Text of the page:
Exploring the HUD Dollar Home Program

(DailyVibe.com) – If HUD Dollar Homes sounds too good to be true — it might not be. This is a program that largely provides housing to communities rather than individuals, but it’s possible for individuals and families to find HUD Dollar Homes as well. If you’re on the hunt for an affordable home in the United States, it’s important to know about the HUD Dollar Home Program.

What Is the HUD Dollar Home Program?

The Housing and Urban Development (HUD) department comes to administer many homes acquired via foreclosure from the Federal Housing Administration (FHA). The FHA is part of HUD. The FHA helps families get into homes — particularly those with low incomes. You’ve probably heard of FHA loans, which provide a low interest rate to first-time homebuyers. Their goal is to get people into the market without forcing them to provide an extensive down payment, as that’s one of the most challenging aspects of getting into the home.

Unfortunately, life happens. A pandemic happened. Job loss happens. Lots of circumstances and situations occur that can cause a family to become unable to make their mortgage payments, including death of a family member. When this happens, the FDA forecloses on the home and uses the home as an asset in an attempt to recover the lost money. HUD sells these foreclosed homes, usually at prices well below market. This is in an effort to reduce the loss on the home, which means a loss for the government.

HUD Dollar Program homes fall into a special category of foreclosed homes:

  • The market value of the home must be $25,000 or below.
  • After being on the market for six months or longer, HUD can’t sell it.

After this happens, HUD attempts to sell the homes to the community for just $1. The home’s community can choose to fix the house and list it as affordable housing, or to continue to try and sell it as it is. Communities can partner with organizations like Habitat for Humanity if they are interested in selling the home after it’s been repaired. If you’re interested in getting a home like this, you’d have to go through the community or the organization they contract with to get a home.

Other HUD Options for Affordable Housing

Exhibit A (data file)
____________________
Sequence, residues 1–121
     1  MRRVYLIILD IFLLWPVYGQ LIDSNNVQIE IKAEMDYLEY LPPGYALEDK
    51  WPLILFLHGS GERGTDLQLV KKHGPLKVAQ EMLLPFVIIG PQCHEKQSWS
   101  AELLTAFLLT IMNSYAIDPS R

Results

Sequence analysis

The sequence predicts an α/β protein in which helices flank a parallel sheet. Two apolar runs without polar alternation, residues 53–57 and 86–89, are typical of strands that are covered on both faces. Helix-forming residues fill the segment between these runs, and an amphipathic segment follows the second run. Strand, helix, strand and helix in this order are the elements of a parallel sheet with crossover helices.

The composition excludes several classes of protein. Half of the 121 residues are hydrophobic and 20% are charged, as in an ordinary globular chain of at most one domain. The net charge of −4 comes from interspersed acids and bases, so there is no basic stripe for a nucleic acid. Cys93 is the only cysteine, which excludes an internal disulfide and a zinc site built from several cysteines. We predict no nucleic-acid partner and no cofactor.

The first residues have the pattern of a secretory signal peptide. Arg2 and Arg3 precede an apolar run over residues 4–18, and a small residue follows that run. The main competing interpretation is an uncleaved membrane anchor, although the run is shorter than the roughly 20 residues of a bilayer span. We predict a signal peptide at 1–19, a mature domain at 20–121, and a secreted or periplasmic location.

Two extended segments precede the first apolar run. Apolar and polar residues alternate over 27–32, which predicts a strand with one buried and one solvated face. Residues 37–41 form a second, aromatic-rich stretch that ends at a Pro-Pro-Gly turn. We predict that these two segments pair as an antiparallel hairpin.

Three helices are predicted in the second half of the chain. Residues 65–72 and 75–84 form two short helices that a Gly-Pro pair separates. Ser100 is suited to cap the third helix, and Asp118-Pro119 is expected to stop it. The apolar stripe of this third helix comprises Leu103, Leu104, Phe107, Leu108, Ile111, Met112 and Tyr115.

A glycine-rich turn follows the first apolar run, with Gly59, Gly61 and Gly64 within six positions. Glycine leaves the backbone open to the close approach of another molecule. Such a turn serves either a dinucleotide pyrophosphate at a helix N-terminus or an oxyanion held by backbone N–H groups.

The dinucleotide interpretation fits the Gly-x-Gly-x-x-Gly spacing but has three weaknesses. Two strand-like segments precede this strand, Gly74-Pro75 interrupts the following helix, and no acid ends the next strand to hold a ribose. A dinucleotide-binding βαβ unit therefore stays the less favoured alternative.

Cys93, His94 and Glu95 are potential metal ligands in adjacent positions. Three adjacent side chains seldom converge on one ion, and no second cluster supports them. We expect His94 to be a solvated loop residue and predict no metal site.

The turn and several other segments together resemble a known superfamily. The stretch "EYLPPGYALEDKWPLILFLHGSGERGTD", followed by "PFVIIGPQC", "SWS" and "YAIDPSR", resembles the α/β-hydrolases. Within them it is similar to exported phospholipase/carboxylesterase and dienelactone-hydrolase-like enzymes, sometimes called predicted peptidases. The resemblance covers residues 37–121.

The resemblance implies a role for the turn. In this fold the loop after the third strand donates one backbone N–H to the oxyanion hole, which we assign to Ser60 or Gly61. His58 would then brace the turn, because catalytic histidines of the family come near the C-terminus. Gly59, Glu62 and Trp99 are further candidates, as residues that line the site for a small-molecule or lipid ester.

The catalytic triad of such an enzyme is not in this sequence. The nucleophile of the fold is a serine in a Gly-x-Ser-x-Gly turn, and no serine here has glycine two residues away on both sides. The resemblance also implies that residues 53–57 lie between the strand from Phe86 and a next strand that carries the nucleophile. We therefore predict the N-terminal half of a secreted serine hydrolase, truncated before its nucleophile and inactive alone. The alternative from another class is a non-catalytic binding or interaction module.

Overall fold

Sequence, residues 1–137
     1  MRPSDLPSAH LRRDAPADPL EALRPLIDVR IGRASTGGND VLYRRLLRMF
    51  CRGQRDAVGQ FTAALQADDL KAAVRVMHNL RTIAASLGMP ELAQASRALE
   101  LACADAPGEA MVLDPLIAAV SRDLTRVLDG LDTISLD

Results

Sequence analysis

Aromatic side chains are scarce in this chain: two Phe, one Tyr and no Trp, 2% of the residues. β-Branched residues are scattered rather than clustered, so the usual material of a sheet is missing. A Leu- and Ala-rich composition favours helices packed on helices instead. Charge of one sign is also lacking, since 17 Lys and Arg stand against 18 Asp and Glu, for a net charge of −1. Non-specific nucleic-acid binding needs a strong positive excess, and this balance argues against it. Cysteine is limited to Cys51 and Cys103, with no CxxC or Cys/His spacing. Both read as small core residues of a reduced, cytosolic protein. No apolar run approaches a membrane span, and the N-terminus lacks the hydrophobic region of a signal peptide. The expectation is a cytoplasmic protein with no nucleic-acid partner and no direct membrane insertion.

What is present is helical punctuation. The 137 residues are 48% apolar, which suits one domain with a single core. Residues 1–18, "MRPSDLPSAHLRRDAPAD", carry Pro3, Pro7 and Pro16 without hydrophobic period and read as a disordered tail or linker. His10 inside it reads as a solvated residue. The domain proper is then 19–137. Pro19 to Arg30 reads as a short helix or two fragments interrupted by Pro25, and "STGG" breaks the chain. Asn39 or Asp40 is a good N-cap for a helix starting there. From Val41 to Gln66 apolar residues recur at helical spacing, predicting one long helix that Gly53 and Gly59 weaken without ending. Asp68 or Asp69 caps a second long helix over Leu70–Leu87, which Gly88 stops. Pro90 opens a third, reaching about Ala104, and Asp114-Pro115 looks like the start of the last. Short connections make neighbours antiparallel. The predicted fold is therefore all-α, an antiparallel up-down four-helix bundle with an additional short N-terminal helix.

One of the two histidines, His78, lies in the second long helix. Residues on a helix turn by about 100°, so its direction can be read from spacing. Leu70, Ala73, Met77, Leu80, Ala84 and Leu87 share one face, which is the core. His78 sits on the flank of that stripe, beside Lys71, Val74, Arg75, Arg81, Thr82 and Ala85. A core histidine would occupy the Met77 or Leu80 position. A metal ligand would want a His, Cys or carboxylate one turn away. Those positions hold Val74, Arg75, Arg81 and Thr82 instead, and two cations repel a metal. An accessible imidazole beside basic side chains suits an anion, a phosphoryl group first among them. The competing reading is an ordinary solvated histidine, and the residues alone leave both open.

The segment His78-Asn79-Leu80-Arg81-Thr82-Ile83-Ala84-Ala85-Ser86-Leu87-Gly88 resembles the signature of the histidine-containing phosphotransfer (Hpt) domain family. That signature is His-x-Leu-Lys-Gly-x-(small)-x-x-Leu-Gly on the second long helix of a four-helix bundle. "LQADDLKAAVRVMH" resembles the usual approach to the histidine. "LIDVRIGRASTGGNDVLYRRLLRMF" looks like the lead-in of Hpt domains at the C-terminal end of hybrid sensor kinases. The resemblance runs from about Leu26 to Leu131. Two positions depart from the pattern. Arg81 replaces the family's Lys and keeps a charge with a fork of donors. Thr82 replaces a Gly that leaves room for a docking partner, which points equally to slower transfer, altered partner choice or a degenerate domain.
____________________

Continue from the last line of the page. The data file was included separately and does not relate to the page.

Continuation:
Since good and habitable Dollar Home Program homes are hard to come by, if you’re a low or moderate income homebuyer, there are some other programs you should check out.

  • Public Housing: Local public housing authorities exist to help low income renters get into homes. Residents pay 30 percent of their income to rent, and qualifications are based on location. Similarly, subsidized housing means the federal government pays a certain amount towards your rent each month.
  • Housing Choice Voucher Program: If you’ve heard of Section 8, that’s the Housing Choice Voucher Program. This program guarantees that the federal government will pay part of the rent, but the individual or family in the program must find their own housing and a landlord who will accept Section 8 housing requirements, including regular inspections. The benefit for the landlord is that the federal government guarantees payment on their portion of the rent.
  • Good Neighbor Next Door: We all know that hometown heroes such as teachers, EMTs, firefighters, and law enforcement officers aren’t compensated as much as they should be considering the value they provide to their communities. Through this program, qualifying applicants get to purchase homes for 50 percent of the asking price. The buyer has to live in the home for at least three years to qualify.

HUD also offers specific housing programs to people with disabilities, Native Americans, and senior citizens, so inquire via your local public housing authority if you’d like to know more.

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